Janet Yellen is playing with matches next to a $20 Trillion Debt Bomb.
During her speech at the Gerald R. Ford School of Public Policy in Michigan, Yellen stated that the biggest risk to monetary policy is for the Fed to “get behind the curve” regarding inflation.
To that end, the Yellen Fed has already raised interest rates twice in the last six months. And it is pushing for yet another rate hike in June.
However, Yellen as usual is missing the bigger issue: the risk of DEBT deflation triggered by the Fed’s rate hikes.
Since the 2008 Crisis, the US has been on a debt binge unlike anything we’ve ever seen before. Thanks to seven years of ZIRP and $3.5 TRILLION in QE, the US’s debt load has nearly doubled, bringing our Debt to GDP ratio well over 100%.
Now Yellen wants to raise rates even more, in her hopes of catching up with inflation…
But what happens to the US’s massive debt pile as the Fed keep’s raisings rates, making the debt MORE expensive to pay off?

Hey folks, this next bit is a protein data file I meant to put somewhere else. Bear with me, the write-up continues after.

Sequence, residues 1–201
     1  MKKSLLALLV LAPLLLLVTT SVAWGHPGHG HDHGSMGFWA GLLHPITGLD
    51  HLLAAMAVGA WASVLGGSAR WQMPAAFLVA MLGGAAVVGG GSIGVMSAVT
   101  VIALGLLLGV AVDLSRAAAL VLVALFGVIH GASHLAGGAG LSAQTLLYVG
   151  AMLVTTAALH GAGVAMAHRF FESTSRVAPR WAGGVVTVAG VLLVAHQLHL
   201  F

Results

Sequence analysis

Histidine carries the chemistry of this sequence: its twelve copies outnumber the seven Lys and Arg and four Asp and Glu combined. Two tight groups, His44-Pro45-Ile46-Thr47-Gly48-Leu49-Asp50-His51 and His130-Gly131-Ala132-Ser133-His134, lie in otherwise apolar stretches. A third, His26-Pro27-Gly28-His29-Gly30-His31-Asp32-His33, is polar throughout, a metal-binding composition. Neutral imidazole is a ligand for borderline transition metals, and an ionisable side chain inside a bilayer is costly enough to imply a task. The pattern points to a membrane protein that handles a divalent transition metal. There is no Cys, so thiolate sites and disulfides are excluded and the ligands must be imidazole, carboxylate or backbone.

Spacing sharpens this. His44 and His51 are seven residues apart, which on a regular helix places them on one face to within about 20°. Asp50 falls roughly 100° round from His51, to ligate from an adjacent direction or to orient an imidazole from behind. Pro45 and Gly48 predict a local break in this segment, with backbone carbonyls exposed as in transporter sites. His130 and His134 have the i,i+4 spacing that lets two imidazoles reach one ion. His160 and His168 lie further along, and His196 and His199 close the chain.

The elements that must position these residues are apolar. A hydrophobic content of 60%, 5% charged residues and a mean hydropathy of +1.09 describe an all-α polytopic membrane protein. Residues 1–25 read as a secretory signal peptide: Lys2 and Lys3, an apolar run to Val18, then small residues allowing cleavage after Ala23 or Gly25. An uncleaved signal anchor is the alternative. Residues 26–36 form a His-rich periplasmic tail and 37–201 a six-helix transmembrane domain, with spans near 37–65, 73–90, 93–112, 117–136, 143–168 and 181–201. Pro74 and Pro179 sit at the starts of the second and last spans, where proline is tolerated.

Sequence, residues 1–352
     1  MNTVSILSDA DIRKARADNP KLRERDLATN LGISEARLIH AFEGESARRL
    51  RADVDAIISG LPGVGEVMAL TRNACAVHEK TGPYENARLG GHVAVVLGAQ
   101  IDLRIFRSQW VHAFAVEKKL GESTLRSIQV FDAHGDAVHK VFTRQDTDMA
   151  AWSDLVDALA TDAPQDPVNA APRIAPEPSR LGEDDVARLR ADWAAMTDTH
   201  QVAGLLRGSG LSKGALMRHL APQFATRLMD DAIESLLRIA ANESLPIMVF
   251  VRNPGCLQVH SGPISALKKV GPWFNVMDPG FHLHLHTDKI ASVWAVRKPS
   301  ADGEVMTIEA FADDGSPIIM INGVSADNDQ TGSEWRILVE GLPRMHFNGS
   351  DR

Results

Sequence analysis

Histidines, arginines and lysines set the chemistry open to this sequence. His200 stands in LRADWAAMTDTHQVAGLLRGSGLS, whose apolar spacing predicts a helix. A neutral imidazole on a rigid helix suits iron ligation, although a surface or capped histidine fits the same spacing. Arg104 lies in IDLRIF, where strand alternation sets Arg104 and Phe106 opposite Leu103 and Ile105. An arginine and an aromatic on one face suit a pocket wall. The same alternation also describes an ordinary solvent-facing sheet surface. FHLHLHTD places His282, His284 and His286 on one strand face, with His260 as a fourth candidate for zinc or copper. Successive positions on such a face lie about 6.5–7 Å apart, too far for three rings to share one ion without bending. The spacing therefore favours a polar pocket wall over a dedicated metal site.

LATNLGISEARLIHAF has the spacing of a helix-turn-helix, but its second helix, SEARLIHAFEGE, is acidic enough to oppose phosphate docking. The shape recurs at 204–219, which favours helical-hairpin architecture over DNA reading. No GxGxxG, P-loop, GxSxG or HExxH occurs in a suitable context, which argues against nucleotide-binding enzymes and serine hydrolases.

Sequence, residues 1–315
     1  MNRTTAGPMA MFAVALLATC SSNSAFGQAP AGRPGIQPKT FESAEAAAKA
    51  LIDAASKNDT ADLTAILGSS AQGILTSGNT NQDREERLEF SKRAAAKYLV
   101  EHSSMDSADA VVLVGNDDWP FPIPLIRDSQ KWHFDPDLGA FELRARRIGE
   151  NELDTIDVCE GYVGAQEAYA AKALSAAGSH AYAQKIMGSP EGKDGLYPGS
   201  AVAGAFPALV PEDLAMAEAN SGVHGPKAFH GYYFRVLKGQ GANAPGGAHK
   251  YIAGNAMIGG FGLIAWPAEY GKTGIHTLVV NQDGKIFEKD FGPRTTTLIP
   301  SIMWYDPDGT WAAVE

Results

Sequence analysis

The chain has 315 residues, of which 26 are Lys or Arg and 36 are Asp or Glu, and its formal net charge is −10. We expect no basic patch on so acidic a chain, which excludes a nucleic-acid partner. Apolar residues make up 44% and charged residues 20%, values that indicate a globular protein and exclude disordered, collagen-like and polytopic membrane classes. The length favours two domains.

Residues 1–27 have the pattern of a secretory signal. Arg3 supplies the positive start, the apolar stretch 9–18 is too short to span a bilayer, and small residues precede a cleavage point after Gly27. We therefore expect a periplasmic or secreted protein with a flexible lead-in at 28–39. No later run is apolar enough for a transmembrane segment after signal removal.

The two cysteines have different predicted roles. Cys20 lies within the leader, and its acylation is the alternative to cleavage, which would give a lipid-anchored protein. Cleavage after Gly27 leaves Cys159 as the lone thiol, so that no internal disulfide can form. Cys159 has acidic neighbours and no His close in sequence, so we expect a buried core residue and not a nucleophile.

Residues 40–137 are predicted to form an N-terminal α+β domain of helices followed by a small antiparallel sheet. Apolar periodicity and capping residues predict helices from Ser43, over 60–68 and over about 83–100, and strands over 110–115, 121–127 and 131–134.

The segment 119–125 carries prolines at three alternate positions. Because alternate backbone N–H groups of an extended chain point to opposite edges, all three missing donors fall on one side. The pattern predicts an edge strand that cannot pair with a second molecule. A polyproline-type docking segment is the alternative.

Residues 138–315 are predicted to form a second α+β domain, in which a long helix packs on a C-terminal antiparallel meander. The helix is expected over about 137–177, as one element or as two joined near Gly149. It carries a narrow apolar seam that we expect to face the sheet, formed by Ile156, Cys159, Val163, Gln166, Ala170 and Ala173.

In 2016, when rates were still 0.5%, the average US interest payment was already 1.9%. What happens to this when the Fed keeps raising rates, pushing the yield on the debt even higher?
The markets are already “smelling” this.
Already the 30-Year US Treasury bond has dropped sharply to critical support (the blue line). And that’s before the Fed even raises rates in June, let alone pushes to start shrinking its balance sheet later this year.
Truth be told, we’re not that far off from a debt crisis. Greece’s Debt to GDP was 109% when it first began imploding in 2010. We’re only a hair’s breadth away from that now. And given the Fed’s track record with asset bubbles (the Tech Crash in 2000, the Housing Crash in 2008), what are the odds the Fed’s going to blow the system up once again, due to mismanagement of OBVIOUS risks?
We are already preparing our clients for how to make money from this. If you’d like to learn three simple investment strategies on how to navigate the coming US debt bomb, you can pick up a free Investment Report here: